How does a school district accidentally sell soda during lunch period and end up getting fined more than $15,000 by the federal government? Well, when the laws are convoluted and useless, it’s easy.
Get this: Officials at Davis High School in Salt Lake City, Utah, know that current laws require that they turn off soda vending machines during the 47-minute lunch period. According to the law, they can have them turned on for the rest of the day. Meaning that students can buy a soda before the 47 minutes or after the 47 minutes, but not during.
School officials thought they were complying with this totally useless law. Unfortunately, the school bookstore also sold soda, and the hours of that got overlooked. Since soda was being sold from the bookstore during the 47-minute lunch period, the school got fined more than $15,000!
You know, I'm all for school lunch reform. But, I have to say that if the reform laws are being written in such a way that something like this can happen, then they’re basically useless. The way this law is written, or at least the way it’s being carried out, sends the message that drinking soda isn’t the problem, buying soda during lunch is the problem.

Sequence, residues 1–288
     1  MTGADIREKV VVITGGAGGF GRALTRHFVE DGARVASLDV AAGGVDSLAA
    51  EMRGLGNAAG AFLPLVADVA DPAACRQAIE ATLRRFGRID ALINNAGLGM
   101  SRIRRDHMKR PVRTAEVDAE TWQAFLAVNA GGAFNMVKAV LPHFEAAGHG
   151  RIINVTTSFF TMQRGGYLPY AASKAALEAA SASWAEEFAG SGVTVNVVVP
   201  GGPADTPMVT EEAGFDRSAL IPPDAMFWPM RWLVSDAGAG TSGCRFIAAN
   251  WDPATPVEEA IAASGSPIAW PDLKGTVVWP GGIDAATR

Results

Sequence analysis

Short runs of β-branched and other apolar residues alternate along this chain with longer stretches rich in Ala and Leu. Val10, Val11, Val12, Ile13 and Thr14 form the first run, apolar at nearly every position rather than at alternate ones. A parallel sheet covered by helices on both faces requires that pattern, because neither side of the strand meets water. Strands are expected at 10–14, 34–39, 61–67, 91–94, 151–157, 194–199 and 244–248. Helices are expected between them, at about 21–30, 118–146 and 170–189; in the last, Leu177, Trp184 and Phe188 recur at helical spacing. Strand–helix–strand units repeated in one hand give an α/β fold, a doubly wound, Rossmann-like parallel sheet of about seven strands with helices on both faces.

$15,000 is an amazing amount of money for a cash-strapped school district. Did the district violate the law? Yes. Is the law useless? Yes. Does any of this actually help the students eat more healthy? No.
The only winner here is the government, which now has an extra $15,000 in its pockets. The students are the ultimate losers. The school has now shut down all soda and candy sales at all times. That may sound like a good thing, but money from those sales had previously been used to fund fine arts and rewards programs, which will probably get cut now. That the programs are being funded through money raised from candy and soda is a totally different problem that needs to be addressed.
Join me in banging my head against the wall, won’t you?